A long train of storms over the Pacific Ocean is on an express route to northern California and the coastal Northwest and will deliver rounds of drenching rain into the middle of December.
The weather pattern through the middle of the month has the potential to bring 6-12 inches of rain from northern California to western Washington state and yards of snow to the high country of the northern Sierra Nevada and Cascades.
While much less rain and high country snow are likely to fall farther south in California, there will be a few rounds of needed moisture.
The storm from this past Tuesday and Wednesday was only the beginning of a pattern that will deliver moisture in the form of rain and high-country snow to the West Coast.
Much more rain on a gradual basis is needed to alleviate the extreme to exceptional drought conditions extending back several years, centered on California.
Since the start of 2013 and prior to the Dec. 2-3, 2014, storm, a rainfall deficit of 1-2 feet was common in the region with even greater deficits in some areas.
The Tuesday-Wednesday storm delivered an average of 1-3 inches of rain to California with locally higher and lower amounts. Rainfall from the storm was 2.53 inches at San Diego, 2.96 inches at Sacramento and 3.56 inches at San Francisco. Enough rain fell to cause isolated urban-style flooding, as well as mudslides.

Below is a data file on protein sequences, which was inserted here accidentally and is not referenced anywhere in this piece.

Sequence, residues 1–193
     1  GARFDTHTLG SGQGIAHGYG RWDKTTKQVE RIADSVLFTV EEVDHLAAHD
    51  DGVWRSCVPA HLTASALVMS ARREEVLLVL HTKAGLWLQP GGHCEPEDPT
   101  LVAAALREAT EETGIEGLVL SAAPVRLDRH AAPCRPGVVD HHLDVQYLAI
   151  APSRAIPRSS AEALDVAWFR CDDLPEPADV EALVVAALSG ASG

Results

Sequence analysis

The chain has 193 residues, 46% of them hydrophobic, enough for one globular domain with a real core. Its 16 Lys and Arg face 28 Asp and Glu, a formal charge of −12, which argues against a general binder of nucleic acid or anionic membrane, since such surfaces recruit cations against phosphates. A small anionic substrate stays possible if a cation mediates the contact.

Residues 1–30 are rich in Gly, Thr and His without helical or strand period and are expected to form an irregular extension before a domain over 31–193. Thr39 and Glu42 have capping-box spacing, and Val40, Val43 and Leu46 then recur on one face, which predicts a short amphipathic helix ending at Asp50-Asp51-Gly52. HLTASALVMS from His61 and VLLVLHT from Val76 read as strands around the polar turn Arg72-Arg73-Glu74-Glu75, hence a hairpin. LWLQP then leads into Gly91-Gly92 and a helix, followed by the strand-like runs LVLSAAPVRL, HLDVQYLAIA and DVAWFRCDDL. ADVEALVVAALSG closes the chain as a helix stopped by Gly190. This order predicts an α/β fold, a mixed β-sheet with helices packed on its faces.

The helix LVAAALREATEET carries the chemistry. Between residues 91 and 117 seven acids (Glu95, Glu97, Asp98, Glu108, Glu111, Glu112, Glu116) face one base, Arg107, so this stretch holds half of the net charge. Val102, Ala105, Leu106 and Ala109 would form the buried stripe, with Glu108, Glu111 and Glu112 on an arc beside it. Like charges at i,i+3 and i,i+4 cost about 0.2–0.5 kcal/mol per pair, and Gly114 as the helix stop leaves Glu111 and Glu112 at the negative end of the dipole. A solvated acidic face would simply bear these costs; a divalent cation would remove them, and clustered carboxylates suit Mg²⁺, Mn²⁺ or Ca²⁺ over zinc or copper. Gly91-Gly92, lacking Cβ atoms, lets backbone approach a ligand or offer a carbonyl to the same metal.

The next storm in the train will reach the California, Oregon and Washington coasts Friday afternoon and will continue into early Saturday. The bulk of this rain will fall from northern California to Oregon, where a general 1-2 inches are likely. Locally higher amounts of rain are possible in the west and southwest-facing slopes of the coastal ranges, northern Sierra Nevada and Cascades. Very spotty showers may reach as far south as the Los Angeles Basin.
Snow levels with the Friday night storm will be generally above 7,500 feet in the northern Sierra Nevada, but some ice and snow can occur at pass level in the northern Cascades.
There will be a little break from the storms during the middle of this weekend.
However, another storm is due to roll in from the Pacific Sunday night.
Essentially, storms are likely to arrive along the West coast every other day or so.
There is the potential for a large storm to swing onshore later next week, which could spread heavy rain into Southern California.
Any of the storms through the middle of the month will bring a risk of renewed isolated flooding and mudslides.